North Charleston is well outside L.A.'s so-called 30-mile zone that inspired the name of the tabloid news website TMZ.
Even so, South Carolina's third-largest city found itself within the star-studded left coast radius last week, courtesy of one its top manufacturing employers.
The website appeared to be fascinated by some video footage it received showing a field of North Charleston-made Mercedes-Benz Sprinter vans parked in a remote hillside lot, identified as being somewhere east of Los Angeles.
In its report, TMZ described it as "an impressive sight ... rows upon rows — each at least 100 deep — of vehicles parked side-by-side."
The requisite celebrity tie-in to the piece was Amazon.com and CEO Jeff Bezos, the world's wealthiest individual and now a force in Hollywood. His online retail empire ordered 20,000 Sprinters from the Mercedes factory in Palmetto Commerce Park in 2018 to support and accelerate the Seattle-based company's last-mile delivery system for its Prime service.
"If you've ever wondered how Amazon can get packages to people so damn fast, get a load of this ... it might just answer your question," TMZ said.
A windfall, in deed
A Mount Pleasant real estate sale yielded a large if unequal payday for two government bodies.
Charleston County and the state of South Carolina can thank Continental Realty Corp. for the unexpected windfall.
When the Baltimore-based investment firm forked over $147 million in mid-February for Mount Pleasant Towne Centre, the deed recording fee on the nine-figure transaction came in at an equally staggering amount: $543,900.
The proceeds weren't evenly split. More than $382,000 went to the state's general fund in Columbia. The county pocketed the remainder.
Channeling Capt. Louis Renault from "Casablanca," Charleston County Council chair Elliott Summey said last week that it was "shocking" that the state would receive the lion's share of the money while providing "none of the services or support for the function."
Bidders gone wild
The crowds that the annual Southeastern Wildlife Exposition drew to Charleston last month helped net a record sum for a seller of decoys and other sporting art.
Copley Fine Art Auctions said it set an in-house record by persuading 230 bidders to part with $3.4 million on Feb. 15 at the Charleston Marriott on Lockwood Boulevard. The Hingham, Mass.-based company said it sold 96 percent of the 533 lots that were up on the block during SEWE weekend.
“There was a frenzy of over 900 bidders participating from all platforms and across all categories, including antique and contemporary decoys, paintings, prints, folk art, canes and Americana,” Copley said in a written statement.
Nine of the lots sold for sums in the six-figure range, and bidders hailed from 11 countries.
Copley said the priciest item to change hands was a swan crafted by the Virginia decoy carver Charles Birch, who died in 1956. It fetched $210,000, near the midpoint of its $150,000-$250,000 estimate, and was previously owned by the late Dr. Peter J. Muller, a Georgia veterinarian whose collection was the star of the sale. The buyer was not disclosed.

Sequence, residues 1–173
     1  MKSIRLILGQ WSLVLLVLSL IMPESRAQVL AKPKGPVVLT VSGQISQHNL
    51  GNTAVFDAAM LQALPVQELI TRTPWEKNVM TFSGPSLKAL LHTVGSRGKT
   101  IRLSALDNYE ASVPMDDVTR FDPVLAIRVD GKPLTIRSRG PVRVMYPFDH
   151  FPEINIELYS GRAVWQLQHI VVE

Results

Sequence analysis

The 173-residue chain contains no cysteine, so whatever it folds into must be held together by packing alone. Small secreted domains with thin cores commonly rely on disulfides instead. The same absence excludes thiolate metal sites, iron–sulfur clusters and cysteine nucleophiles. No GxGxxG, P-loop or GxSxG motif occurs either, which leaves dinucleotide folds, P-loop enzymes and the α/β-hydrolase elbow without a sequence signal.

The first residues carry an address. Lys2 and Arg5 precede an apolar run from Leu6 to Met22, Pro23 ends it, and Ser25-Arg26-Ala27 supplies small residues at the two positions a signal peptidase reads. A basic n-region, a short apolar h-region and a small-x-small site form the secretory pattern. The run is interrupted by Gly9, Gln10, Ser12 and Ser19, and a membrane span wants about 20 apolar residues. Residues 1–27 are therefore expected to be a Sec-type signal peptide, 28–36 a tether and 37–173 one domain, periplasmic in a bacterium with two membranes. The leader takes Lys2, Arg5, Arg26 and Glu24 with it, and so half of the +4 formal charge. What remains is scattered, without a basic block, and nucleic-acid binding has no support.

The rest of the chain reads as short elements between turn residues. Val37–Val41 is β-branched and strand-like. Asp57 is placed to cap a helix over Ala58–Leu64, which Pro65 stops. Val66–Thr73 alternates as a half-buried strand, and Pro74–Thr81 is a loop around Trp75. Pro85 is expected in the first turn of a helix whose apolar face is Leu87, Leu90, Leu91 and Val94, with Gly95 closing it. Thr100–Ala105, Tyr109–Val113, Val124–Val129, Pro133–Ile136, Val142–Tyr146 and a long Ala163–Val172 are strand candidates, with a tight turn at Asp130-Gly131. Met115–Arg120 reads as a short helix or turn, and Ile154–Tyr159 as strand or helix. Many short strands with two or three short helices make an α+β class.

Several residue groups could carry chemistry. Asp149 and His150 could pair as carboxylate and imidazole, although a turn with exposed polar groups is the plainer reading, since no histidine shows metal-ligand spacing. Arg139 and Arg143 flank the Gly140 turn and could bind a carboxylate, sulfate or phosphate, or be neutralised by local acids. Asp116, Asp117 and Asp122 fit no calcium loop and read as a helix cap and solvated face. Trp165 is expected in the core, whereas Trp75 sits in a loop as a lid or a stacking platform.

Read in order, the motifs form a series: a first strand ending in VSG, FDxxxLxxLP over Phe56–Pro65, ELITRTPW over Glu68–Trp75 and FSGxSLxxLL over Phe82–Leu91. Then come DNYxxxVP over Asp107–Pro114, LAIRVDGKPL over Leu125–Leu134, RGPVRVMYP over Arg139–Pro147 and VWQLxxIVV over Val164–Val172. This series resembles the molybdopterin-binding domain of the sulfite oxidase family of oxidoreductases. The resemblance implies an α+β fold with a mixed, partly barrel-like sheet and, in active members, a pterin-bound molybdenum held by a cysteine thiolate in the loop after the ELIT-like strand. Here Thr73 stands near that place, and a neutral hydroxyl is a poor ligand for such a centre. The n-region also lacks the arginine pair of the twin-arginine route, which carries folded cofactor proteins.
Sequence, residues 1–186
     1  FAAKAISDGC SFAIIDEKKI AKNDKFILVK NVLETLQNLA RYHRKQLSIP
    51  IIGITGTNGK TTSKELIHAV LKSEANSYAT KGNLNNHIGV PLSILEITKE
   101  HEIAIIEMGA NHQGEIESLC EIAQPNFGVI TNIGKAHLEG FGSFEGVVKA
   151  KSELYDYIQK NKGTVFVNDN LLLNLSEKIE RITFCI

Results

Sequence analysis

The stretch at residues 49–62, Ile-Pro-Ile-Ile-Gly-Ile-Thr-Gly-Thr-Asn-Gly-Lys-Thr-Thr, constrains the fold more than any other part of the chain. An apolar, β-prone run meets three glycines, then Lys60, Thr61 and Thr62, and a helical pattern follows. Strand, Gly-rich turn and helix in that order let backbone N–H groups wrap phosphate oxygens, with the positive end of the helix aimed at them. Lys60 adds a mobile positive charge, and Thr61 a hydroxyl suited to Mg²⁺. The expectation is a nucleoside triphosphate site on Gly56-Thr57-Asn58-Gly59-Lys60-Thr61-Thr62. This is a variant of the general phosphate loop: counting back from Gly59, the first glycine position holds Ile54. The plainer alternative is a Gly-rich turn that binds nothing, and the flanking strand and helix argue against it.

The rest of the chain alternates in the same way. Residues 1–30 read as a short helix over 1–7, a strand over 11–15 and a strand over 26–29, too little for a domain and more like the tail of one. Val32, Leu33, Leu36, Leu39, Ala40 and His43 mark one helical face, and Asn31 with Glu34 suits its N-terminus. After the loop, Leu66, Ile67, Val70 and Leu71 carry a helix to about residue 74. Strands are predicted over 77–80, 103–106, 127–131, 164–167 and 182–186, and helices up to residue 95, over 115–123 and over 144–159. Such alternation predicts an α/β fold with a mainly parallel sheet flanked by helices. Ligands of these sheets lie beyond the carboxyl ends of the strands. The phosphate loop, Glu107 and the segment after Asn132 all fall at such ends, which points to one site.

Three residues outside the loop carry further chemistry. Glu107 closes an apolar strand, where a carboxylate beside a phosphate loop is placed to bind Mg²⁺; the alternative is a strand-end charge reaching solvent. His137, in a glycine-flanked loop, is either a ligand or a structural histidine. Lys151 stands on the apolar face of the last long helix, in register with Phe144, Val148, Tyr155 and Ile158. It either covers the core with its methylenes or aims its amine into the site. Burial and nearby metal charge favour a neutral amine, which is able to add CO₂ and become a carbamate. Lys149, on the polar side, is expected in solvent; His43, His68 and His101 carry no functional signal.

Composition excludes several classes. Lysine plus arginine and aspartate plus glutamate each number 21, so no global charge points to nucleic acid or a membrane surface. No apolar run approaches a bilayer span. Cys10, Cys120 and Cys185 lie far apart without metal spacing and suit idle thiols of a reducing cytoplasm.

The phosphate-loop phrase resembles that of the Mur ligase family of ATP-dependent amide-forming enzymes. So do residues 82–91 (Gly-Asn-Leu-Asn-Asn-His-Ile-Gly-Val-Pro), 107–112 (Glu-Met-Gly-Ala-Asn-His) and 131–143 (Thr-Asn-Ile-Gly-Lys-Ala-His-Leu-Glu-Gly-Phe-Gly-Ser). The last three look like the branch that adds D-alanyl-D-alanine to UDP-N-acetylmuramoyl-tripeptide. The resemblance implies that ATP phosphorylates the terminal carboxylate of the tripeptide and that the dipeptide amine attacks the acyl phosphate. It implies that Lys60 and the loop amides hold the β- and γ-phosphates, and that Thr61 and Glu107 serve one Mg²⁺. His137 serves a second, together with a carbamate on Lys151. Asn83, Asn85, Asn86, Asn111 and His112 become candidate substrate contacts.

“This was the second-highest price for any swan decoy at auction," Copley said.
Southern sandwich staple Duke's Mayonnaise now knows when and where it will battle Greenville-based Duke Brands over the use of the condiment's name.
A federal judge ruled the trademark dispute will be heard in Charlotte, where the private-equity firm that owns Duke's is based. Duke Brands — which makes a line of sandwich spreads and owns a handful of Upstate sandwich shops — had asked for the case to be moved to a South Carolina court.
Last week, a judge approved a scheduling order that would put the case before a jury sometime in November.
Falfurrias Capital Partners, the private-equity firm, counts Richmond, Va.-based Sauer Brands as one of its holdings. Sauer bought the mayonnaise recipe from Eugenia Duke in 1929.
Duke, who first concocted the condiment in 1917, also has ties with Duke Brands, having sold that company the recipes to her sandwich spreads, such as pimiento cheese and chicken salad.
The two companies had co-existed peacefully until Falfurrias bought the mayonnaise maker last year and filed its lawsuit in October.
Sauer now accuses Duke Brands of using packaging that tricks customers into thinking they’re buying one of the mayonnaise maker’s products. The black-and-yellow color scheme and "look-alike logo" on tubs of Duke Brands spreads closely resembles the mayonnaise container’s long-established label, Sauer says. It wants a judge to order Duke Brands to stop using its current marketing materials
Duke Brands denies any wrongdoing.
Firefly Distillery is now ready to offer its libations after receiving its alcohol license from the state.
The new North Charleston liquor-making operation opened Feb. 15 at 4201 Spruill Ave., but it didn't receive its permit to sell or offer tastings of its products until the following week. The business relocated after 15 years on Wadmalaw Island.
A grand opening of the 25,000-square-foot distillery is set for May. 2.